Owing to rather short arrival intervals of the HEMS emergency physician, cases with delayed onset of shock may have been missed. Furthermore, the need for catecholamine administration during on-site treatment of critically injured patients is not always associated with bleeding and haemorrhagic shock. Patients with severe traumatic brain injury, for instance, may have received catecholamines to maintain cerebral perfusion pressure. However, in traumatic brain injury without clinical signs of hypovolaemia deranged blood glucose concentration is associated with poor outcome too.8,9

In conclusion, blood glucose concentration measurements in addition to common vital parameters (GCS, HR, blood pressure, breathing frequency) may help identify patients at risk of traumatic shock in adult trauma patients.

Back to Top | Article Outline

Acknowledgements relating to this article

Assistance with the study: the authors wish to thank all emergency physicians and emergency medical technicians of the German HEMS of ADAC for their devoted work and for collecting these important and valuable data over years. The authors also thank Ms Beatrice Möller for her demanding work in data editing and PD Martin Dünser, MD for critical reviewing of the manuscript.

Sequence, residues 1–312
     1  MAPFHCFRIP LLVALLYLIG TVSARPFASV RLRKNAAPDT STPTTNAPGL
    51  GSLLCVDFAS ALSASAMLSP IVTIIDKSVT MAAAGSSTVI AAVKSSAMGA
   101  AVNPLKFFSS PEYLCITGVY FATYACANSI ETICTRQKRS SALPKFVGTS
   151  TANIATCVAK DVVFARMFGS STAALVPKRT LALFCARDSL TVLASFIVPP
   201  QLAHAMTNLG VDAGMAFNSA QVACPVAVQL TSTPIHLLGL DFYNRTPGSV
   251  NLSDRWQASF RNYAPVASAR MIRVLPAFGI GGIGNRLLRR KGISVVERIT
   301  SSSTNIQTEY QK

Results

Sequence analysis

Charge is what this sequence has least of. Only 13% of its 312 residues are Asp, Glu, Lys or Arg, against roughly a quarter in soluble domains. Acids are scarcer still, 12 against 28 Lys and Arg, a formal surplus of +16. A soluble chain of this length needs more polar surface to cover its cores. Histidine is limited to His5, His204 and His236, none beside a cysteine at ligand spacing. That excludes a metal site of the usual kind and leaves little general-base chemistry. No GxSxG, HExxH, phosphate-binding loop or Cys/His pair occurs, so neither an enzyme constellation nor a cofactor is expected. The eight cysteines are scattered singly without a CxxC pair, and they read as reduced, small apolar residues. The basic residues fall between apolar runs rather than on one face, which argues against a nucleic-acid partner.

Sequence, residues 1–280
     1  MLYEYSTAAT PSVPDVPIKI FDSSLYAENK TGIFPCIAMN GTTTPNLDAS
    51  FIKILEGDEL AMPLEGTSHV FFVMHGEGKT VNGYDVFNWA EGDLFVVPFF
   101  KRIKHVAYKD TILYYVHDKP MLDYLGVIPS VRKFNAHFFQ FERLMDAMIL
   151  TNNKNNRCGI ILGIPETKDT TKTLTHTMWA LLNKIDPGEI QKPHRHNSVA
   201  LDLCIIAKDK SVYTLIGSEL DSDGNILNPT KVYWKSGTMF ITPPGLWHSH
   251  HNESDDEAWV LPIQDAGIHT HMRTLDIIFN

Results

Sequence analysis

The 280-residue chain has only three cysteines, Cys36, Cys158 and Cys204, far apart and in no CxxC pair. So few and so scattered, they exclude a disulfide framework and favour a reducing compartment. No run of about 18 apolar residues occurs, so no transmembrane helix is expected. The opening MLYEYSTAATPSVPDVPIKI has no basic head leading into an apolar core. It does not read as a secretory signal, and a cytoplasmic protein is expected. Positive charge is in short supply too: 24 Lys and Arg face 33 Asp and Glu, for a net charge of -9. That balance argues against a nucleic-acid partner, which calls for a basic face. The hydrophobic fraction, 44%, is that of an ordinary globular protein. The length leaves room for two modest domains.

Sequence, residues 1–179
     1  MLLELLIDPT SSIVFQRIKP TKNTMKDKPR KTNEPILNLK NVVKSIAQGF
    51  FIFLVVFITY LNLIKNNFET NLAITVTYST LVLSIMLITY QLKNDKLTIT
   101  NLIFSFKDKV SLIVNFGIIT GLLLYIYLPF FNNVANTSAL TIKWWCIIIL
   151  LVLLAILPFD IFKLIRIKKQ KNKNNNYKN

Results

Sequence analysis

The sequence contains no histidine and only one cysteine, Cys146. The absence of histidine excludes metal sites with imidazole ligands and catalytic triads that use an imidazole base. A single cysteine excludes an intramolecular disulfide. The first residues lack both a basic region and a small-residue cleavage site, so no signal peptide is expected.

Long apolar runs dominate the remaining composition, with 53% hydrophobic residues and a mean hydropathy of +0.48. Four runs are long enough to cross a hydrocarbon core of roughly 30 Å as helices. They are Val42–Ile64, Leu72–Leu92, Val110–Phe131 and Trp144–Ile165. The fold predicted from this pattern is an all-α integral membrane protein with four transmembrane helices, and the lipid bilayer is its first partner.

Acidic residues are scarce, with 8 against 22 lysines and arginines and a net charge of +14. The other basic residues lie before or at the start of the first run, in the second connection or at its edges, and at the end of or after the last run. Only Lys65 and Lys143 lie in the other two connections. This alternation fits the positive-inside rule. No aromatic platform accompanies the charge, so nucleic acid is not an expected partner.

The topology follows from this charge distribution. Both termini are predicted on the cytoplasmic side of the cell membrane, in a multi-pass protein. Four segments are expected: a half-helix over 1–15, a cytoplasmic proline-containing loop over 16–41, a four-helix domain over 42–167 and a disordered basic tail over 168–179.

Financial support and sponsorship: none.

Conflicts of interest: none.

Presentation: none.

Back to Top | Article Outline

References

1. Bilotta F, Caramia R, Paoloni FP, et al. Safety and efficacy of intensive insulin therapy in critical neurosurgical patients. Anesthesiology 2009; 110:611–619.
2. Capes SE, Hunt D, Malmberg K, et al. Stress hyperglycaemia and increased risk of death after myocardial infarction in patients with and without diabetes: a systematic overview. Lancet 2000; 355:773–778.
3. Capes SE, Hunt D, Malmberg K, et al. Stress hyperglycaemia and prognosis of stroke in nondiabetic and diabetic patients: a systematic overview. Stroke 2001; 32:2426–2432.
4. Van den Berghe G, Wilmer A, Hermans G, et al. Intensive insulin therapy in the medical ICU. N Engl J Med 2006; 354:449–461.
5. Yendamuri S, Fulda GJ, Tinkoff GH. Admission hyperglycaemia as a prognostic indicator in trauma. J Trauma 2003; 55:33–38.
6. Bochicchio GV, Sung J, Joshi M, et al. Persistent hyperglycaemia is predictive of outcome in critically ill trauma patients. J Trauma 2005; 58:921–924.
7. Laird AM, Miller PR, Kilgo PD, et al. Relationship of early hyperglycaemia to mortality in trauma patients. J Trauma 2004; 56:1058–1062.